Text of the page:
HOUSTON, TX, August 2012 – How can we add billions of dollars to Houston’s economy every year? Supporting student success is one simple answer according to members of the nonprofit, business, and academic communities that gathered this week to participate in a conversation about increasing the region’s college graduation rate. The event, hosted by the Center for Houston’s Future, The Region’s Think Tank, was the last of the Center’s 2012 Summer Salon Series, which aims to convene cross-sector leadership from the greater Houston community to work on practical solutions to our region’s most critical issues.
Paul Moskowitz, Senior Vice President- Human Resources, at Sysco, the largest non-energy related company headquartered in Houston, and fervent supporter of K-12 and higher education, moderated the discussion. He provided valuable insight on the challenges that many local employers are experiencing in finding the skilled talent needed to fill current positions.
The conversation highlighted the Center’s bold new initiative, My Degree Counts, which aims to increase the region’s 2-year and 4-year college degree attainment by 1% by 2013, while adding $4.2 billion to the region’s economy annually. Particularly, guest panelists emphasized the critical role that nonprofits and academic institutions play in supporting students through post-secondary degree completion.
Panelist Claudia Vasquez, Senior Vice President and Chief Program Officer of Neighborhood Centers, Inc. (NCI), described the education model employed throughout their extensive school system, which includes more than 30 education centers, serving emerging communities across the city. NCI, she says, is focusing on preparing students for college success, especially high school juniors and seniors. “We need to figure out how we can connect with employers to support those kids that are working and going to school so that they can successfully complete their degree.”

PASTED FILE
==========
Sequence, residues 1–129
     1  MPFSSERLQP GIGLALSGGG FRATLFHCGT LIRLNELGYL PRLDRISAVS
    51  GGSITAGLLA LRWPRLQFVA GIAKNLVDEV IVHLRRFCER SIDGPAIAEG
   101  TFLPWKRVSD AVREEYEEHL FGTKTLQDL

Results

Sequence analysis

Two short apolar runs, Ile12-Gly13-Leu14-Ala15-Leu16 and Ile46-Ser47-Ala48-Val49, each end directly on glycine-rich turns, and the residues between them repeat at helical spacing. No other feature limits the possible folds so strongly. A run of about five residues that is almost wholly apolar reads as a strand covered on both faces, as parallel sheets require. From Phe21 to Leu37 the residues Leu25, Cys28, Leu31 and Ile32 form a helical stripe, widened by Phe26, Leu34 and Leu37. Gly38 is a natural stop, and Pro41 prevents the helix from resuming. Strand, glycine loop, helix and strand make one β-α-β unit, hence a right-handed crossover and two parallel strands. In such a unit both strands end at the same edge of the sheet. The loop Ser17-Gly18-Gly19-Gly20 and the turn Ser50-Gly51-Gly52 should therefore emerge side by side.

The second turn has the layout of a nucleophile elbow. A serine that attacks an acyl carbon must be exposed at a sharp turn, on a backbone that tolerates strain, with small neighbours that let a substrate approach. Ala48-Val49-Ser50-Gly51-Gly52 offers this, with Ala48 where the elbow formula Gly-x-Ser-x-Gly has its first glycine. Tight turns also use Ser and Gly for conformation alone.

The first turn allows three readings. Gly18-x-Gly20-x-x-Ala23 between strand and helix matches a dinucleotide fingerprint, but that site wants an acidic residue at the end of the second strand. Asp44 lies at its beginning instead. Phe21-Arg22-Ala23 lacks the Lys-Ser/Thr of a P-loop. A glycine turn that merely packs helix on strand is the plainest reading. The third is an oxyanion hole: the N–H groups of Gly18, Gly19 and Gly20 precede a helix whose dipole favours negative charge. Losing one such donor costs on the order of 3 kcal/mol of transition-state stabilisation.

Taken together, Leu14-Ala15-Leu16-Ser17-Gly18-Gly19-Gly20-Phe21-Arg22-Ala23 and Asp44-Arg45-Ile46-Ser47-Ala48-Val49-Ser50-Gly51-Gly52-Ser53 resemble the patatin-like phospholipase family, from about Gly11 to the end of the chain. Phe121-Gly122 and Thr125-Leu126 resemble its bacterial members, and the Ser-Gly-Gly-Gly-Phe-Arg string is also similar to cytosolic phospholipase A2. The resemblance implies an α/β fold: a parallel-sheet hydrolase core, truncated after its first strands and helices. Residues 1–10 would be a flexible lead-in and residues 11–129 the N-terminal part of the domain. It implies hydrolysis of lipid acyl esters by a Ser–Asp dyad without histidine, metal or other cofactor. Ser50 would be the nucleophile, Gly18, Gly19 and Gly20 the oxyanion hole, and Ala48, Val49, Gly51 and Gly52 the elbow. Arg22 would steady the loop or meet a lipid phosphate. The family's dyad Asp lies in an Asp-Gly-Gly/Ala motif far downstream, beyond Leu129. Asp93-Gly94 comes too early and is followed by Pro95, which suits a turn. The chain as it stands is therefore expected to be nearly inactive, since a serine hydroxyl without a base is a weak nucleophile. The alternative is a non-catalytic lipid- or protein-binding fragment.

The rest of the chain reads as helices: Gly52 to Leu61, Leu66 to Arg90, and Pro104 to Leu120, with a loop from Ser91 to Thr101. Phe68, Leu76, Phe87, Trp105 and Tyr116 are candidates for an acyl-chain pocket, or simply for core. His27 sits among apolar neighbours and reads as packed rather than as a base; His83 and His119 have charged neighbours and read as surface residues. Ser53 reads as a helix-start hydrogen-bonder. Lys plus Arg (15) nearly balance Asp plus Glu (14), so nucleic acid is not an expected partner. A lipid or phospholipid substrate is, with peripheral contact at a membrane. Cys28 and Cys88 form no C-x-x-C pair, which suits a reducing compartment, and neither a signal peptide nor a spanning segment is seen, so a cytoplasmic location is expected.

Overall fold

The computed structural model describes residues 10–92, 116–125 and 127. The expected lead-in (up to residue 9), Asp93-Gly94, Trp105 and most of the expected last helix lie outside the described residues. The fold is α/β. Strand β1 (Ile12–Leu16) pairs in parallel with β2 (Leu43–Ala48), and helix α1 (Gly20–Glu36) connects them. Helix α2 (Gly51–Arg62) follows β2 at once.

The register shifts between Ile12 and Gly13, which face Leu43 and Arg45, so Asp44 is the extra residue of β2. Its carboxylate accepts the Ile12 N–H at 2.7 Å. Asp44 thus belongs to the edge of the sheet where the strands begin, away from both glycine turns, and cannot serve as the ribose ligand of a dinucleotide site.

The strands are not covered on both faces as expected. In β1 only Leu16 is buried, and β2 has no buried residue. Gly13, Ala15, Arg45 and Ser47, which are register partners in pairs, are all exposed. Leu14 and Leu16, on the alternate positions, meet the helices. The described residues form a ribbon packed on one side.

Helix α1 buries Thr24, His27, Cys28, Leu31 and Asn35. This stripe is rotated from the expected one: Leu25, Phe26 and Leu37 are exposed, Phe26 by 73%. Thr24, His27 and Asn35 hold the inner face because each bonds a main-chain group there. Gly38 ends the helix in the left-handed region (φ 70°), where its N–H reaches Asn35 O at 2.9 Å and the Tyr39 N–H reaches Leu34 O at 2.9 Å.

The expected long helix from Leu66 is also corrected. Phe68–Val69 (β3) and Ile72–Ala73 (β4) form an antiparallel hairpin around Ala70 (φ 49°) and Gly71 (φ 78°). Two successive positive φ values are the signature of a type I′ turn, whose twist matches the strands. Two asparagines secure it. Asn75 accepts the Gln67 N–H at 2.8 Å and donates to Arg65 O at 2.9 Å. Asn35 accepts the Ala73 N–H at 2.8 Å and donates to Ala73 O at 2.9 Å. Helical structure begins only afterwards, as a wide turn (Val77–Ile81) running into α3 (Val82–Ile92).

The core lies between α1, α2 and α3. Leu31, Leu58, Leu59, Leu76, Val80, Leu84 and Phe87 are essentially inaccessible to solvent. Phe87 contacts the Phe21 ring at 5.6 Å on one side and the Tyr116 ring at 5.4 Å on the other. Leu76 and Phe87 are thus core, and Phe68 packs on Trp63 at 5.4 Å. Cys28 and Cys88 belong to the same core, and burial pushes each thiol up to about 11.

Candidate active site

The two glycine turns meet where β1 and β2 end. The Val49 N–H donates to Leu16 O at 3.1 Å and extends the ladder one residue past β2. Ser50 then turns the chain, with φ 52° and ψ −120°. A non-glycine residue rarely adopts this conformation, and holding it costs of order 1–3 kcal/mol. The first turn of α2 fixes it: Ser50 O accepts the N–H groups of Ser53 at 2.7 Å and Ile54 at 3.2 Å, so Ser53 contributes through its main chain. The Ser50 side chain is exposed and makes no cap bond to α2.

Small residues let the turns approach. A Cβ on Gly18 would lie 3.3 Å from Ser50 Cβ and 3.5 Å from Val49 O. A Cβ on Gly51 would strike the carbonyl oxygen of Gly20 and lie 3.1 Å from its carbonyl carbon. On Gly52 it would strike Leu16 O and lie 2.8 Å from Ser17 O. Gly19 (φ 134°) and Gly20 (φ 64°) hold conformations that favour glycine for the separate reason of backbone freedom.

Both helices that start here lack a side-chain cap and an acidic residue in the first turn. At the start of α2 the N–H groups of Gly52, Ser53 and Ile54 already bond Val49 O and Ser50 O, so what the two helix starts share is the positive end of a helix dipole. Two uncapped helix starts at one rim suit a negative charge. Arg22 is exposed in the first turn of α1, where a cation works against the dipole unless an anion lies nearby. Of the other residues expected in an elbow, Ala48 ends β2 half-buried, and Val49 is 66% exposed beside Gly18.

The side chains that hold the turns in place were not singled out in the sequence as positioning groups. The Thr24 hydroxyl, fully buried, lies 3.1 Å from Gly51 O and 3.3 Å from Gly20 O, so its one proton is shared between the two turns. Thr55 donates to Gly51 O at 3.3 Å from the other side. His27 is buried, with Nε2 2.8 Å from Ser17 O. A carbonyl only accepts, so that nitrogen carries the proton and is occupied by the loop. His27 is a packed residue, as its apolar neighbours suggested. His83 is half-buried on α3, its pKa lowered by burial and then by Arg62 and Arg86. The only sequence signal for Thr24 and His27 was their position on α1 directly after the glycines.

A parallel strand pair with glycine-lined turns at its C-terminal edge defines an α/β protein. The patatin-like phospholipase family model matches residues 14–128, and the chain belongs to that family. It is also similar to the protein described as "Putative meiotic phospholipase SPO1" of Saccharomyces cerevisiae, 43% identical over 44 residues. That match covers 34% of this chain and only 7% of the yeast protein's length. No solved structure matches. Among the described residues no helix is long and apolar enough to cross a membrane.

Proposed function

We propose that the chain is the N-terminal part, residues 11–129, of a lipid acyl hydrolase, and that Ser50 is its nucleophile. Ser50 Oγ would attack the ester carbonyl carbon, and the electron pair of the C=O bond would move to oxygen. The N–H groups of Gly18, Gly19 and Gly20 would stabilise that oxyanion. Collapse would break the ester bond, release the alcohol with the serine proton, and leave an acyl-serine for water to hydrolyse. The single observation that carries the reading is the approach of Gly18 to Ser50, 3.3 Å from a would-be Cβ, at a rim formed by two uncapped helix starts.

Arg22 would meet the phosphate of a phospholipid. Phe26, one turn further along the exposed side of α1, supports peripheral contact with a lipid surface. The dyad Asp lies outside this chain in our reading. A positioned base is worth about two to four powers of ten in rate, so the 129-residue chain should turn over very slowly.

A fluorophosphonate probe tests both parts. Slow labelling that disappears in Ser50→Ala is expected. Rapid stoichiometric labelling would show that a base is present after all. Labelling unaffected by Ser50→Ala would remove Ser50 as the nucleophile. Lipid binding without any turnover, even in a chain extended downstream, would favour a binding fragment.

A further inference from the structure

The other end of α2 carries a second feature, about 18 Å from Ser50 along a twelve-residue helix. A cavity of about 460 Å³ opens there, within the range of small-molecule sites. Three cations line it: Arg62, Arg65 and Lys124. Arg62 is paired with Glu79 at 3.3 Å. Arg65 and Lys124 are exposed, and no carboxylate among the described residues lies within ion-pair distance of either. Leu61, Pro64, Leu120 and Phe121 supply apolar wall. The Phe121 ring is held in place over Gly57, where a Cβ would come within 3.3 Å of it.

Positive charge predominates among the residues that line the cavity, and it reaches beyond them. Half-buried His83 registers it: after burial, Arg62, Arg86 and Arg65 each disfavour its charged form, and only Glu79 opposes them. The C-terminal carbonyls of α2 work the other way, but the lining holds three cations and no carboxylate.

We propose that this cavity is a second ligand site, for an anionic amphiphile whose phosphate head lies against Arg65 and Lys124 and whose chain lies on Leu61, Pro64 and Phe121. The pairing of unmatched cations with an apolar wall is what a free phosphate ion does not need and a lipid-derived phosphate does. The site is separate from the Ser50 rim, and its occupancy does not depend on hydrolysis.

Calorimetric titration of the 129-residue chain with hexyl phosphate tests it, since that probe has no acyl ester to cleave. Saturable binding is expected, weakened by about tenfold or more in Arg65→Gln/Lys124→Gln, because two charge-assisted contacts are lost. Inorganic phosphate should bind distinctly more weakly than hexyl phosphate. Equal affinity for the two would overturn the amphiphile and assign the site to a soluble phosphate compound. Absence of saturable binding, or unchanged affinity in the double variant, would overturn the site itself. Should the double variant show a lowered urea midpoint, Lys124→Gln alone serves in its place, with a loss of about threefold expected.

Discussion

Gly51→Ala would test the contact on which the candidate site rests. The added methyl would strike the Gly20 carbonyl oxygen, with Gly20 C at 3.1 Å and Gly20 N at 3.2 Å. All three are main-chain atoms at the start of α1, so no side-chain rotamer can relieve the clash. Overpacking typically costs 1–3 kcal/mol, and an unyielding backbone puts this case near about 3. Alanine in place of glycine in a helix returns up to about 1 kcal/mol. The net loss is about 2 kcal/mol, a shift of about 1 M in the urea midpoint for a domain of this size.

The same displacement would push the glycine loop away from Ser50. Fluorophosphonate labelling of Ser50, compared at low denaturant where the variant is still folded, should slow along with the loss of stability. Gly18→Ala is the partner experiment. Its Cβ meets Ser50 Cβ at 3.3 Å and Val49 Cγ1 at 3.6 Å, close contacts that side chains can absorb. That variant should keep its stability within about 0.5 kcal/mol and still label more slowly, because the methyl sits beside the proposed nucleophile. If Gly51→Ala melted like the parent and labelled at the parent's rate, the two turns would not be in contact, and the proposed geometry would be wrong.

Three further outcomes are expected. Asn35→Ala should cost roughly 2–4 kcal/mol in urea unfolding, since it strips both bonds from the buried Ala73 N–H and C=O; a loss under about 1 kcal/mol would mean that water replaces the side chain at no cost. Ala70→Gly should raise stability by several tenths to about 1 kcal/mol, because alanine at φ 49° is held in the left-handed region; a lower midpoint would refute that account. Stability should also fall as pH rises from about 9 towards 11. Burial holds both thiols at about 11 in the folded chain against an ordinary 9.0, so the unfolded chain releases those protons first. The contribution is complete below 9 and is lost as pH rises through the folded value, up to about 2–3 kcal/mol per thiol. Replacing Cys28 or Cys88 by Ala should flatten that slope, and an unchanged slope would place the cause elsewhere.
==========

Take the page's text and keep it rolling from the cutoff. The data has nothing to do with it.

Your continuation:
Steve Amstutz, Executive Director of Discover U, explained how his nonprofit, through its signature program, Fantastic Learning Opportunities (FLOs), allows high school students to explore novel learning experiences outside the traditional classroom. The FLOs expand their aspirations and develop the social, emotional, and academic skills essential for postsecondary success. Student success is “not just about academics,” says Amstutz. “It’s also about cultivating an ‘I-can- go- to-college’ spirit in students.”
Pam Campbell, Assistant Vice Chancellor of Educational Partnerships, at San Jacinto College, knows first-hand the challenges that students face while transitioning to college. Academic institutions can no longer afford to have a hands-off approach when it comes to their students’ success.
“We need to really focus on how to keep students in the system and help them move forward,” says Campbell. One way that San Jacinto College is working to do this is through their dual credit enrollment programs and early college high schools. Participation in these programs, which allow students to take college credit courses while in high school, significantly increases the odds that a student will go to college and complete their degree.
For more information on My Degree Counts, or to learn how you can get involved, visit the website at WWW.MYDEGREECOUNTS.COM.
Center for Houston’s Future, The Region’s Think Tank, is a 501 c(3) non-profit organization that works to solve our region’s toughest problems by providing meaningful research, defining innovative strategies, and engaging diverse leaders. To learn more, visit www.futurehouston.org.
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